AUA prides itself on offering a unique preclinical sciences curriculum that extends beyond acquiring foundational knowledge to encompass the development of essential skills crucial for a successful and impactful medical career. It stands out for its distinctive emphasis on integrating clinical skills during the preclinical years, fostering a unique and comprehensive approach to medical education.
The preclinical studies curriculum is strategically designed to go beyond traditional theoretical learning, actively immersing students in the practical aspects of patient care even before entering the clinical phase. This emphasis on clinical skills integration distinguishes AUA’s approach, allowing students to bridge the gap between theory and real-world application very early on in their medical education.
AUA’s preclinical sciences curriculum boasts several distinctive benefits. Firstly, arguably, the most significant advantage is that it provides early training in clinical skills. By focusing on clinical skills from the start, such a curriculum makes it easier for students to transition to the next phase of their medical education, where they work directly with patients in hospitals or clinics.
The curriculum’s commitment to interactive and engaging teaching methods, including active learning in groups, case-based learning, and problem-based studies, fosters a learning environment conducive to enhanced understanding and retention of crucial medical concepts.
Moreover, incorporating large group active learning techniques, such as team-based learning and flipped classroom lectures, further enriches the overall educational experience.
Active Learning in Groups
In the first academic period, AUA places students into small groups, typically 10 students or less. Each group has its own small-group learning center to assist with the learning activities. Each setting is equipped with the digital tools necessary to access learning resources, and serves as an academic base of operations for the individual student groups. By having a permanent study center within campus and a close-knit group of classmates and facilitators, students keep each other accountable, support each other, and get a medical education that maintains the highest standards while still being able to be adjusted to suit a student’s individual learning style.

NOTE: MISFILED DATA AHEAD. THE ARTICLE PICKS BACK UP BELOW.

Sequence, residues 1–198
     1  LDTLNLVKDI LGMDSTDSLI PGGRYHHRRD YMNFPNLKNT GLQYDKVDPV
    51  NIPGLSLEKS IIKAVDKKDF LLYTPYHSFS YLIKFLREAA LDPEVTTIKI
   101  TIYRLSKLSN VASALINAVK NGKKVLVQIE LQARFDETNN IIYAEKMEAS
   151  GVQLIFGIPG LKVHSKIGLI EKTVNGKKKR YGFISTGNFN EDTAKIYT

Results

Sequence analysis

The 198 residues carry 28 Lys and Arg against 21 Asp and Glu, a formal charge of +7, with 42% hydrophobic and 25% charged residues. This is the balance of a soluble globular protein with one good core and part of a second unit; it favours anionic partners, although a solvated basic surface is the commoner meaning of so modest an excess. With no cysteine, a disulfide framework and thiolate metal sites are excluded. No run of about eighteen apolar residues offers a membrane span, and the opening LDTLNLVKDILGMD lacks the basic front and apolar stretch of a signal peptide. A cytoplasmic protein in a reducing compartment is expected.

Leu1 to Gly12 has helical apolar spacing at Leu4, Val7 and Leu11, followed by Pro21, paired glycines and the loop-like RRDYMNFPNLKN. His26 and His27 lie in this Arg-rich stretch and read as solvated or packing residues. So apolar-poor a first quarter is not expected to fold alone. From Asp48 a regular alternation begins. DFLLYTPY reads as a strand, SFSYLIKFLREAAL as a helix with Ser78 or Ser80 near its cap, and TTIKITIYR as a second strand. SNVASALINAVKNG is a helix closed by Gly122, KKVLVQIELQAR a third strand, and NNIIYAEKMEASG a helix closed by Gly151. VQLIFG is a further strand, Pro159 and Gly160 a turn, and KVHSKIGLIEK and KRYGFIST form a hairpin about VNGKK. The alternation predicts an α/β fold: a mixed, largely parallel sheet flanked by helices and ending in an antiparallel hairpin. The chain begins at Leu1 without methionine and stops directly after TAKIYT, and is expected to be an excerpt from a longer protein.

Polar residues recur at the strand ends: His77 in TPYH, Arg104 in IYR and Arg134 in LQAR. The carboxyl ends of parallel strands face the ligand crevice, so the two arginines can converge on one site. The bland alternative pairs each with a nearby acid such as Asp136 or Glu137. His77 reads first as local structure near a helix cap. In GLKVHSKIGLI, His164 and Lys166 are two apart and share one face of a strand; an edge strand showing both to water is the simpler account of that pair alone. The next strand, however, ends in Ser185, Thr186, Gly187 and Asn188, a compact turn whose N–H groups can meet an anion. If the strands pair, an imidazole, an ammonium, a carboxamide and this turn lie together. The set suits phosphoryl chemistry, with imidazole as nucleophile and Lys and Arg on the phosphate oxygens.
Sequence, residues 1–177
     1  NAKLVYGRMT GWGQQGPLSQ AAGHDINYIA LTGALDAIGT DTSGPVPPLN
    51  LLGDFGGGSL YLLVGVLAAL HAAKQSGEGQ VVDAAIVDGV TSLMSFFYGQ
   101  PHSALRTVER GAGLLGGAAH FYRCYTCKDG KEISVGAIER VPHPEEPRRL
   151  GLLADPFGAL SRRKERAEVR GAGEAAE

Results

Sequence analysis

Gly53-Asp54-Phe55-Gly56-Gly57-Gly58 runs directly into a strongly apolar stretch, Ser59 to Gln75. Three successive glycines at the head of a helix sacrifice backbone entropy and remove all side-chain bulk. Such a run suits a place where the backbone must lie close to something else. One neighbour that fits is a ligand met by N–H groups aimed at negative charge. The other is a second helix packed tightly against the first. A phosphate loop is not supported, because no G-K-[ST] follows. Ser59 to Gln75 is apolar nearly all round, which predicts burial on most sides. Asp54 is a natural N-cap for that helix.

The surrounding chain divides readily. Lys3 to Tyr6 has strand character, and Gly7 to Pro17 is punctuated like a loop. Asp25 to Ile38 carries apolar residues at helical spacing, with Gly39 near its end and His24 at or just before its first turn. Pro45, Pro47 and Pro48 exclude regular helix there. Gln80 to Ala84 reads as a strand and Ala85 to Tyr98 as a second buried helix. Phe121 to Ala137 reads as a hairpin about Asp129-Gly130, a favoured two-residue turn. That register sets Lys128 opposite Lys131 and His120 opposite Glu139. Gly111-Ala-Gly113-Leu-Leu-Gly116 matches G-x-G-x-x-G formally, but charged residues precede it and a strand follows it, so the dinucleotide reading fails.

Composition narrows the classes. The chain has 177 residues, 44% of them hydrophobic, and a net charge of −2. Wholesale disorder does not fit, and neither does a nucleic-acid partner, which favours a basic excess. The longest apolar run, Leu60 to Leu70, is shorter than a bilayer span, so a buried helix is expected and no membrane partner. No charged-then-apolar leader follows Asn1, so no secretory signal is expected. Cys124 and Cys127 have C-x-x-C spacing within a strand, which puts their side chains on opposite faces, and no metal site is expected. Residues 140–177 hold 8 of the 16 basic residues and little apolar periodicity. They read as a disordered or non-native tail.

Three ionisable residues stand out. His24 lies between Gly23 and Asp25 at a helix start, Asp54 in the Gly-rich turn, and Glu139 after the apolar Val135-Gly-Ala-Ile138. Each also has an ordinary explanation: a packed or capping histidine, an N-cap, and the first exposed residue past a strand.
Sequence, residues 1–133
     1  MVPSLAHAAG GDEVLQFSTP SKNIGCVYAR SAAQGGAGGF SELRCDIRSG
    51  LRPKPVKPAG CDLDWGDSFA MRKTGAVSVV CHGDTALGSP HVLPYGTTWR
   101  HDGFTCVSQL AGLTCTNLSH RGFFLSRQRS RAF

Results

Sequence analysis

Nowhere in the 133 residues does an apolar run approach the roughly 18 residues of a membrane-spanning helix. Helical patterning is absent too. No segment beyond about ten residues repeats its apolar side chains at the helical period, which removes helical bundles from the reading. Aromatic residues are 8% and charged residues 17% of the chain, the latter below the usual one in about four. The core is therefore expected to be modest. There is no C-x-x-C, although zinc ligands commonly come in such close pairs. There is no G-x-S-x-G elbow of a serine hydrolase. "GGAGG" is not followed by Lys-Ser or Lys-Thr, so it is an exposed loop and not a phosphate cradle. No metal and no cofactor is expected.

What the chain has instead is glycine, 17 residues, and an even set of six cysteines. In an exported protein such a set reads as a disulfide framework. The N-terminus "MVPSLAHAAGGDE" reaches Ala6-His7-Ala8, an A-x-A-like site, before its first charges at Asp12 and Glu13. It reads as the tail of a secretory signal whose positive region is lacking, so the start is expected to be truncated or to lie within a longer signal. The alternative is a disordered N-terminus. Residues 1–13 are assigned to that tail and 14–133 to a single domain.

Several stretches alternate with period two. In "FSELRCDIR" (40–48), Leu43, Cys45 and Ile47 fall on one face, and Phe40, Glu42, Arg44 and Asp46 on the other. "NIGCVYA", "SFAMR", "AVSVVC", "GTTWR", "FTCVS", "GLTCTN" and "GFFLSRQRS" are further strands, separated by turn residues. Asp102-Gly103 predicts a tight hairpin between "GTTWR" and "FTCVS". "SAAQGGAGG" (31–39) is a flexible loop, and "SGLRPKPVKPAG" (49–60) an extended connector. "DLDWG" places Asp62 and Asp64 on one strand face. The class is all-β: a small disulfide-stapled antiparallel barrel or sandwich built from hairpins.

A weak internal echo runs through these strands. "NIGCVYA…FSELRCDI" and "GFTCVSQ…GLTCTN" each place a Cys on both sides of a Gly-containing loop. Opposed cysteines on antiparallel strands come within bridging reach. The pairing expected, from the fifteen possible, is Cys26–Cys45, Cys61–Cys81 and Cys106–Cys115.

In the first year, students focus on the normal foundations of anatomy, physiology, biochemistry, and cell biology behavior in the eight organ systems. In the second year, the emphasis is on pathophysiology, microbiology and pharmacology of those same organ systems. Clinical skills are also incorporated into the preclinical curriculum.
Students need to complete 86 credits from Year 1, Year 2, and the Basic Science Integration Course (BSIC). This curriculum is effective as of Fall 2020. All courses are graded on a pass/fail system: Honors (H), High Pass (HP), Pass (P), and Fail (F).
FIRST ACADEMIC YEAR
Med 1 (Period 1)
Course No. of Credits Preclinical Science I 19 This yearlong course in the preclinical sciences is based on an integrated, organ-system-based structure and gives the student an understanding of the embryology, anatomy, physiology, biochemistry, cell biology, genetics, neuroscience and behavioral science, and introduction to clinical medicine, in the context of organ systems of the human body.
Med 2 (Period 2)